New York Daily News
by Reporter Megan Cerullo
February 1, 2018
At the conclusion of a seven-year investigation, a team of independent sleuths believes it has uncovered infamous skyjacker D.B. Cooper’s true identity.
Documentary filmmaker Tom Colbert, the leader of the cold-case team, held a press conference Thursday outside the FBI’s Washington, D.C., headquarters, to announce his investigators’ findings and accuse the Bureau of hiding evidence in the case.
“It’s more than a bunch of old guys chasing another old guy over forgotten history. This is about current FBI agents stonewalling, covering up, and flat-out lying for mentors and G-men long gone, over decades — all because of an unholy deal to hide and protect a valuable CIA Black Ops pilot known as D.B. Cooper,” Colbert said in an email to the Daily News.
His accusations refer to the case of a man known as Dan Cooper, who in 1971 hijacked Northwest Orient Flight 305 and jumped off the plane with $200,000 in ransom somewhere over the Pacific Northwest. He disappeared, and the FBI concluded that he had most likely died from the leap.
But Colbert insists that the man who took over the flight is former U.S. Army paratrooper, pilot and explosives expert Robert W. Rackstraw, who is now 74 years old and living in the San Diego area.
In November 2017, Rick Sherwood, a veteran of the Army’s signal-intelligence corps and member of Colbert’s team, broke an encrypted code on a typed letter that was sent to newspapers 18 days after the hijacking.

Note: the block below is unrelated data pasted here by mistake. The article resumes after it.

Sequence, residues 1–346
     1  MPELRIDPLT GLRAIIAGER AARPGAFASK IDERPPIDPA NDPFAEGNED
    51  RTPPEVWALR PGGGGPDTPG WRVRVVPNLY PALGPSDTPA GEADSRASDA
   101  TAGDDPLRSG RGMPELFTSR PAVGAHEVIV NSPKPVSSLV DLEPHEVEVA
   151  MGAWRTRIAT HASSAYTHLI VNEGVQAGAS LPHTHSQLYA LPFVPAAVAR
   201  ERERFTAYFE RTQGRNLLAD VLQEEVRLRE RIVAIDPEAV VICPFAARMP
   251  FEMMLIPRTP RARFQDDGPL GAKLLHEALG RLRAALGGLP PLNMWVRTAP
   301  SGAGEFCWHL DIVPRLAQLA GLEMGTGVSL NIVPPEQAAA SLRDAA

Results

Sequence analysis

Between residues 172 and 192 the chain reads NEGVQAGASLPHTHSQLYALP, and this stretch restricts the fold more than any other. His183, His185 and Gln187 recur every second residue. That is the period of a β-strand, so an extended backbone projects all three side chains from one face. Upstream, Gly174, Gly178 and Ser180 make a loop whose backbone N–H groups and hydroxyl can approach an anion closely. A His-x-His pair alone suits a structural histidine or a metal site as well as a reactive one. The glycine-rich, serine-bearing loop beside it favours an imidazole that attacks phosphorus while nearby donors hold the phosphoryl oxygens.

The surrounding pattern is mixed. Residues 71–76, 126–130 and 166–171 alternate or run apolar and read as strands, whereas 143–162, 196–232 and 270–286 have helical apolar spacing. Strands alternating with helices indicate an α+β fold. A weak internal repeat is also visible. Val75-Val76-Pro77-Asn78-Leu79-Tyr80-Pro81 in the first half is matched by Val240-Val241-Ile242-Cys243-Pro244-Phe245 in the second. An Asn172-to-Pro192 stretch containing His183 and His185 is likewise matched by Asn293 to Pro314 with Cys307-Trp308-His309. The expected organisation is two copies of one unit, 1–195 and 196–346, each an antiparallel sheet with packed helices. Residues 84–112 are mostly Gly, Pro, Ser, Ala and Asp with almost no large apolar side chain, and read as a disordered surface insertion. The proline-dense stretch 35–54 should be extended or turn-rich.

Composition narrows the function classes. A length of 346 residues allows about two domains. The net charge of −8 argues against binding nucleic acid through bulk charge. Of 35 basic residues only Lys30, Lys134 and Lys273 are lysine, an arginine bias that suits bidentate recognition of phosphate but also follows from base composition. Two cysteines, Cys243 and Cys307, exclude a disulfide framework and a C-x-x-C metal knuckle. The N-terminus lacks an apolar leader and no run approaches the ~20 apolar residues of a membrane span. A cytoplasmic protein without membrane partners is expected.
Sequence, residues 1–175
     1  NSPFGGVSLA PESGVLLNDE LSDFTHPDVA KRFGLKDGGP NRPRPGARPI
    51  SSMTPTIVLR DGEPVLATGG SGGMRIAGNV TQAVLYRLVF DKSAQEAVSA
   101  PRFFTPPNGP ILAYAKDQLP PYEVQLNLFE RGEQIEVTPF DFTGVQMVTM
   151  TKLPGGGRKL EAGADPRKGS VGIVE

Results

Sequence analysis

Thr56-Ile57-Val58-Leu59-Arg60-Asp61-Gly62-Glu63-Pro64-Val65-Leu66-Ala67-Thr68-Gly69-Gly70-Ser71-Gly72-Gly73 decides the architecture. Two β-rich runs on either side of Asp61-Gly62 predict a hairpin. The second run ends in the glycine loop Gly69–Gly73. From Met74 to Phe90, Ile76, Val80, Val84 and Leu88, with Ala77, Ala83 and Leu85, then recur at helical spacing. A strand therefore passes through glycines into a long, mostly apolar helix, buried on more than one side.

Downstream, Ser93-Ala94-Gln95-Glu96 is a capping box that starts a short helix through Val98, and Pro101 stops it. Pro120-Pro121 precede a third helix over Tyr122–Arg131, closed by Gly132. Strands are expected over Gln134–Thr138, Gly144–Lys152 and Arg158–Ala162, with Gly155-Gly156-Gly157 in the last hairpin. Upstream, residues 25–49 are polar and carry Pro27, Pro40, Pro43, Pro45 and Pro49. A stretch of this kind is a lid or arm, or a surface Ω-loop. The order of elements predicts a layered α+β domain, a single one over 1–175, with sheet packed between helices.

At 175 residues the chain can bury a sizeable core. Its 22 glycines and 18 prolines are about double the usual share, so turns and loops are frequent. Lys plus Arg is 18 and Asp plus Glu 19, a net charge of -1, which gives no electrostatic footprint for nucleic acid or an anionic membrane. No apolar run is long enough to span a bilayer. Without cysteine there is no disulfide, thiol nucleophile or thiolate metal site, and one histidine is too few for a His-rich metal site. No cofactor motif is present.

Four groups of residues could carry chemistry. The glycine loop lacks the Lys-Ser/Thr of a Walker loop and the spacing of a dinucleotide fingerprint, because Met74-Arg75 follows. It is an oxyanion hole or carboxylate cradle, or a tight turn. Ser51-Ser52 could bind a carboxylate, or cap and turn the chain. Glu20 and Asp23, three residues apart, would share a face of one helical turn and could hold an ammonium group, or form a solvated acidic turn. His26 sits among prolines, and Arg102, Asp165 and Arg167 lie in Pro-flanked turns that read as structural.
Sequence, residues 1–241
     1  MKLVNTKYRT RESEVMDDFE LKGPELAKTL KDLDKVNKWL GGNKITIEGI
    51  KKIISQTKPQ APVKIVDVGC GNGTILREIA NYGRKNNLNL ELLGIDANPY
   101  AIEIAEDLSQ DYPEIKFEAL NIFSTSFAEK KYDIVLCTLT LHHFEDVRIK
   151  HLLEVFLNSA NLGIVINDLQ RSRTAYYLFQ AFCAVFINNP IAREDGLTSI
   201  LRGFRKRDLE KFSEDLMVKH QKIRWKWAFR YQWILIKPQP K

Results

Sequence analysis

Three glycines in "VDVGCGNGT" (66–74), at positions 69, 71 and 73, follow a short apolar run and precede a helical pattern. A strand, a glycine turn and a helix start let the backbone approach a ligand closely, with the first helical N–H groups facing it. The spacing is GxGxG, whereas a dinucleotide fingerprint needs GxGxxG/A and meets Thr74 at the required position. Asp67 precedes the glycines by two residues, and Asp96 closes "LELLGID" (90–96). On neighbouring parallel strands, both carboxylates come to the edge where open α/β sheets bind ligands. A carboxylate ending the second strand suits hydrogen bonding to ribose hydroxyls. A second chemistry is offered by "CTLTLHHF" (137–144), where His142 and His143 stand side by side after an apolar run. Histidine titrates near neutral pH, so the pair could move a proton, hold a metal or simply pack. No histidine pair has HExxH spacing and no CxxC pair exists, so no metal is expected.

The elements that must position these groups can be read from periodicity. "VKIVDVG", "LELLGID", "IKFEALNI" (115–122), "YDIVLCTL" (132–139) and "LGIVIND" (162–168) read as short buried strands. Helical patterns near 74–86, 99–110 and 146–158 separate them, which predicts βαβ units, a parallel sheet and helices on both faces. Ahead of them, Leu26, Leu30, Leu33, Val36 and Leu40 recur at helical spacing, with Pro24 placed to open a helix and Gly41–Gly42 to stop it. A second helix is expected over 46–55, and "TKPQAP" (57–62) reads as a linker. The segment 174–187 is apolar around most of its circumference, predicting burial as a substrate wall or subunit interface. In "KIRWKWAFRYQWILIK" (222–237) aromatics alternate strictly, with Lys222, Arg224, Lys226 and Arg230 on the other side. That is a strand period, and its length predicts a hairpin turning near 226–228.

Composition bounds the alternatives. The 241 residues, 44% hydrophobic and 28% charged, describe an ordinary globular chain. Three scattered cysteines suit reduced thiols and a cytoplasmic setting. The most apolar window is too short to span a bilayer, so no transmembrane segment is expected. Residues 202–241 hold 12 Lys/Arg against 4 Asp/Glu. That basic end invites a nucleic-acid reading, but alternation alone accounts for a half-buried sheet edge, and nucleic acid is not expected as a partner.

The code on the letter, signed “D.B. Cooper,” revealed Rackstraw’s military units, according to Colbert. His team has since obtained copies of four earlier Cooper notes that they say are also encrypted and linked to Rackstraw.
“The new decryptions include a dare to agents, directives to apparent partners, and a startling claim that is followed by Rackstraw’s own initials: If captured, he expects a get-out-of-jail-free card from a federal spy agency,” Colbert wrote in a press release.
A letter mailed on Nov. 27, 1971, contains newly deciphered coding including the phrase “CAN FBI CATCH ME… SWS.”
The letter initials in the note are believed to refer to the Special Warfare School at Fort Bragg, where Rackstraw was taught the art of encryption in 1968 by Green Berets.
Another code, “IF CATCH I AM CIA…RWR,” contains Robert W. Rackstraw’s initials, Colbert noted.
A third code appears to signal to his partners that he’s flying south in the evening, and a fourth makes reference to another one of his training units.
“Seattle agents were informed of Rackstraw’s letter trail years ago, but they ignored it, along with more than 100 pieces of other evidence, including DNA, from the 40-member team — ironically, led by retired FBI,” Colbert wrote.